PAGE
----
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Wednesday, September 29, 2010

Old Hat

I found some shots of my Dad from his running era circa 1970's. He was pretty quick back in his day, and he got his marathon time down to 2:27 in Singapore Marathon of '78. He did most of his running in Singapore when he was posted there for the military. I hated running 10km once in Singapore because of the heat, I don't know what would entice you to train for a marathon there! A few ultras later he busted his knees and never ran again.

Sunday, September 26, 2010


to blogging and training.

I have just taken the past month off, and now trying to cram some training in for my perennial quest of winning the Noosa Triathlon. Breaks are weird. I was so eager to get on one when I was training, and then when I was finally on one I was so eager to train. I know I'm better for it, but I think I may have taken too long off and could be in trouble for Noosa! Compounding this, I didn't really do anything useless with my time off, and it seems the only things I became accustomed to were;

-Wasting time

And now that I'm training again, all I have become accustomed to so far is;


Nevertheless, I made one more step towards better fitness this morning with this old man


And this is my new tool



And here's a bonus shot from the day


Monday, September 6, 2010

New kinds of competitions (for me)

I picked up a flier at Uni the other day and found out about a really neat photo competition being run by my Political Science school at the uni. I decided to enter some of my shots from Morocco (this first one was originally posted here I think) when I went for an ITU race back in May. Each photo required a description that obviously has to impress the professors and PhD scholars, so I gave it a go and here are my entries!

Writing on the Wall

This photo was taken during my second day in Morocco. My perceptions as to what Morocco would be like prior to arriving had been well adjusted by the time this photo was taken.  It was made abruptly clear just by walking the streets that time in Morocco has stood still for decades. Time and civil society in Morocco may perhaps even be going backwards as encapsulated by this photo. The writing on the wall is clear, but the doors are locked, the blinds are closed and the streets are decaying and littered with filth. Ironically, a lack of monetary wealth and purpose is a large part of the problem. The money comes out of the wall, but ultimately the dilapidated streets and the dreamy populace don’t allow it to go back in. Thus, the vacuum is filled on the gutters and pavement of the streets.


My journey in Morocco continued with some late night discovery walks around the city of Larache. Every corner I turned, I would see something that blew my mind, and this image stands as no exception. The road is in a state if disrepair as Asphalt is broken up and divided by sand (the dominant surface of the city’s landscape), to me encapsulating the city’s failed attempt to modernise.  Behind the sand is an uncovered, but perfunctorily fenced man hole perhaps leading to the town’s sewage system, neighbored by a mound of dirt. People are walking past oblivious and without concern, yet this is by no means a pedestrian street, demonstrated by a cars attempt to negotiate the obstacles. To me this embodies the sad duality of the people; their continued intent to modernized, but failure to recognize the pitfalls that are bringing them up brutally short.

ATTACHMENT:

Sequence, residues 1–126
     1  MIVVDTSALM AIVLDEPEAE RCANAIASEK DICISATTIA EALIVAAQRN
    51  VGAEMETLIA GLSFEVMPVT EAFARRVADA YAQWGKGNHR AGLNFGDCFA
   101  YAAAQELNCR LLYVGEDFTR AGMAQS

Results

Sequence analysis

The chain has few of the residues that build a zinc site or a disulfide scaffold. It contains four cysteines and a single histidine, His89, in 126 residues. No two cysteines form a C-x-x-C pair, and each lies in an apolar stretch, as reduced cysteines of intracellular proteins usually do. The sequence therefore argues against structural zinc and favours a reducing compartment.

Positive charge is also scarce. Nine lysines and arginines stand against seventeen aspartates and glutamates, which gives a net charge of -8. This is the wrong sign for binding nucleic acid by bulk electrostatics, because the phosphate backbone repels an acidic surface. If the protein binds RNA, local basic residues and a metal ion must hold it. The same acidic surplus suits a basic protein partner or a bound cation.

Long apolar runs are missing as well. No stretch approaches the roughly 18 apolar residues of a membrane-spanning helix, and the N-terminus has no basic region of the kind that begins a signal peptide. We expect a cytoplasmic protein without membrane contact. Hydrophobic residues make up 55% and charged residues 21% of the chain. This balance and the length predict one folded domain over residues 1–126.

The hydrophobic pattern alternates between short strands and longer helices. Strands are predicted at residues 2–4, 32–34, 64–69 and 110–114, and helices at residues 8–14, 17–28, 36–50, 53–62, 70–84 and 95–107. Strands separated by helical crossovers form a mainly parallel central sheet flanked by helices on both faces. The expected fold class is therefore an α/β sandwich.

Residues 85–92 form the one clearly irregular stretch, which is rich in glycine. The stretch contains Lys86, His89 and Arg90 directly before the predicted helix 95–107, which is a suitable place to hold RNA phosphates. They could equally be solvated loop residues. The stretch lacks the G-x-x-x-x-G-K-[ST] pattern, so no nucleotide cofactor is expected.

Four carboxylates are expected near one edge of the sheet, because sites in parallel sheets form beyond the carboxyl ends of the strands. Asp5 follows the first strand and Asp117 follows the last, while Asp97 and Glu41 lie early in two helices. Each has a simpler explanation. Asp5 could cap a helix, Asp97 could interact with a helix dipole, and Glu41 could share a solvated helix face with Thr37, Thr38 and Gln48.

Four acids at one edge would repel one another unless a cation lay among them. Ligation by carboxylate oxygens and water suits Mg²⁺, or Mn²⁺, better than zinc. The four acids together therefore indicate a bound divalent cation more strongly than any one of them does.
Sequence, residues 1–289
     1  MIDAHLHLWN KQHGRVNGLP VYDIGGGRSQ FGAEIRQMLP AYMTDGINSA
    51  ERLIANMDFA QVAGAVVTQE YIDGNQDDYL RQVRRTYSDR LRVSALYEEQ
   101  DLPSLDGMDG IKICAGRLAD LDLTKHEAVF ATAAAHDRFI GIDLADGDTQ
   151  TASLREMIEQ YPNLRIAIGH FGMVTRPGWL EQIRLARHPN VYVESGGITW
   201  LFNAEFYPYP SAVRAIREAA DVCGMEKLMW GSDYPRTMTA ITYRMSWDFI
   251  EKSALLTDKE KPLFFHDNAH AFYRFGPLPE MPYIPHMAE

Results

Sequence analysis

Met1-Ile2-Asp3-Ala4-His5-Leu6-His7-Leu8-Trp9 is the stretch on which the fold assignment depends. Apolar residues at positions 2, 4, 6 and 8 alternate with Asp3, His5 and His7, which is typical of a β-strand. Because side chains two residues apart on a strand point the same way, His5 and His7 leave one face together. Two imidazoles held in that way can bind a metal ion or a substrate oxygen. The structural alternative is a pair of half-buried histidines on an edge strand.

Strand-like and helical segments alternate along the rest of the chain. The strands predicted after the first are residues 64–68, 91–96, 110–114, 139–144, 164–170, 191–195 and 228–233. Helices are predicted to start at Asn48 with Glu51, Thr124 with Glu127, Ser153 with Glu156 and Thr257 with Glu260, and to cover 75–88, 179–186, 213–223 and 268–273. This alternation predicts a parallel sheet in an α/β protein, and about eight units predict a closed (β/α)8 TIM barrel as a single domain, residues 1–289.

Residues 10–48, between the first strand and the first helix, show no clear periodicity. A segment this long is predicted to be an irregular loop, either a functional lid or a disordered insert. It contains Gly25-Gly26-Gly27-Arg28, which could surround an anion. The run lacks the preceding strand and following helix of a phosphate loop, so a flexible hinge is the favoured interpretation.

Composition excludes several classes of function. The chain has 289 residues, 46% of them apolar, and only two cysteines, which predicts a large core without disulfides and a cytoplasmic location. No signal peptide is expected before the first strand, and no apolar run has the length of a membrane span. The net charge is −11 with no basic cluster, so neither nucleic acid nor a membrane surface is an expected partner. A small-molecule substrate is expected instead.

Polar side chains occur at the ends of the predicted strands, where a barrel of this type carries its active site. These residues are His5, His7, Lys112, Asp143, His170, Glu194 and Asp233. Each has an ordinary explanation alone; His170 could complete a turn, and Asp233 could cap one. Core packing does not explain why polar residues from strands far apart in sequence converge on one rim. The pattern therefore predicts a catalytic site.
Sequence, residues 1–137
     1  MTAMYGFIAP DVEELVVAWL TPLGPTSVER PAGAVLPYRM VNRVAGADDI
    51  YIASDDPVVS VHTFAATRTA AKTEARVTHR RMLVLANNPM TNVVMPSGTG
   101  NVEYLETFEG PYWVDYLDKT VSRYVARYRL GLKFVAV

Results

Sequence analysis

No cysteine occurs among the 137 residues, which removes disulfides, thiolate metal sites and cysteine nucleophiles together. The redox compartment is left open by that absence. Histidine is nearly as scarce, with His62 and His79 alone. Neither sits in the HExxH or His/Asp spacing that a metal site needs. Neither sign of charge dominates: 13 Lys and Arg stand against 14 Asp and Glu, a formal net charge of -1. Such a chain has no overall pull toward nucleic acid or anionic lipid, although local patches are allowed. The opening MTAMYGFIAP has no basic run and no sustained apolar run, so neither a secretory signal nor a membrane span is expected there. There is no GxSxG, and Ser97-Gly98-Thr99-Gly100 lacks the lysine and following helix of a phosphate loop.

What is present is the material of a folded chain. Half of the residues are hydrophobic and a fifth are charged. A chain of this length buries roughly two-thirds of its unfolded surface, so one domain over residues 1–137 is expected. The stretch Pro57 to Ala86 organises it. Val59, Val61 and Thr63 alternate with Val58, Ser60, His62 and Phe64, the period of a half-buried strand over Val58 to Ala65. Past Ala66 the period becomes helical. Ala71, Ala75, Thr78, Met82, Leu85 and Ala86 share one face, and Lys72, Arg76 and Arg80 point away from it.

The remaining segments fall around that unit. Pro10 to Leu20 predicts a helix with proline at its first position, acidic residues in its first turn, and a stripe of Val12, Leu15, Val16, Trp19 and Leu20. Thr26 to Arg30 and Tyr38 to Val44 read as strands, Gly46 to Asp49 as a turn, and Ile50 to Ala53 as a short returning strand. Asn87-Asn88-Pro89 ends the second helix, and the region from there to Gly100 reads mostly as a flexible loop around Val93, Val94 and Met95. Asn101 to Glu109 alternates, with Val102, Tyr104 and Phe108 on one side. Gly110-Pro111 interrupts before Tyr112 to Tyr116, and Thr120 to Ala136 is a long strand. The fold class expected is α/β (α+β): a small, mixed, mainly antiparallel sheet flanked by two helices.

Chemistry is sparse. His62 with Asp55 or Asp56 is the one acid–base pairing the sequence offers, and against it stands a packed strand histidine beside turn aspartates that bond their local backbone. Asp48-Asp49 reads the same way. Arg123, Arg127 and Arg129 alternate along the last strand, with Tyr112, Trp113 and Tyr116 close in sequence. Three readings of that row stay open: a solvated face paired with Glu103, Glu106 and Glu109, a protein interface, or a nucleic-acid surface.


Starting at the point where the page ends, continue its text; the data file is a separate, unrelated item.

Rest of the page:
Larache in Morocco is the most visually oppressed city I have seen in my travels, and the people have a clear disconnect between pride and property. However when the sun goes down, the streets are lined with people sitting on chairs drinking a simple mint-leaf tea. There is no alcohol to be found and no hooliganism to be seen; the Koran is the rule of law here. Graffiti as a common crime in the west is evidently a simple act of faith here as a hooded man scribes the Koran on a wall. I stood there for five minutes watching this man, who never once turned his head or attention from his scriptures on a wall seemingly painted and cleared for this exact purpose. 

Thanks for reading,


Sunday, September 5, 2010

VO2max Study

A friend of mine is currently doing her PhD thesis in determining the relationship between laboratory-based lactate data and performance in sub-elite triathletes. She is recruiting male triathletes between the ages of 18-35 years of an elite or sub-elite status for participation in a number of laboratory tests involving running and cycling. The main aim of the study is to examine the strength of lab based data in predicting endurance performance.

So if you have ever wondered just how behemoth your VO2max is, and you live within a drive of Brisbane, get in touch with Sam @ samantha.fisher@uqconnect.edu.au

Get involved chaps

Thursday, September 2, 2010

Shots from my weekend in NZ visiting the family, mud, high pressure hose, snow, clouds, and blue die (marking the edges of the cliff faces).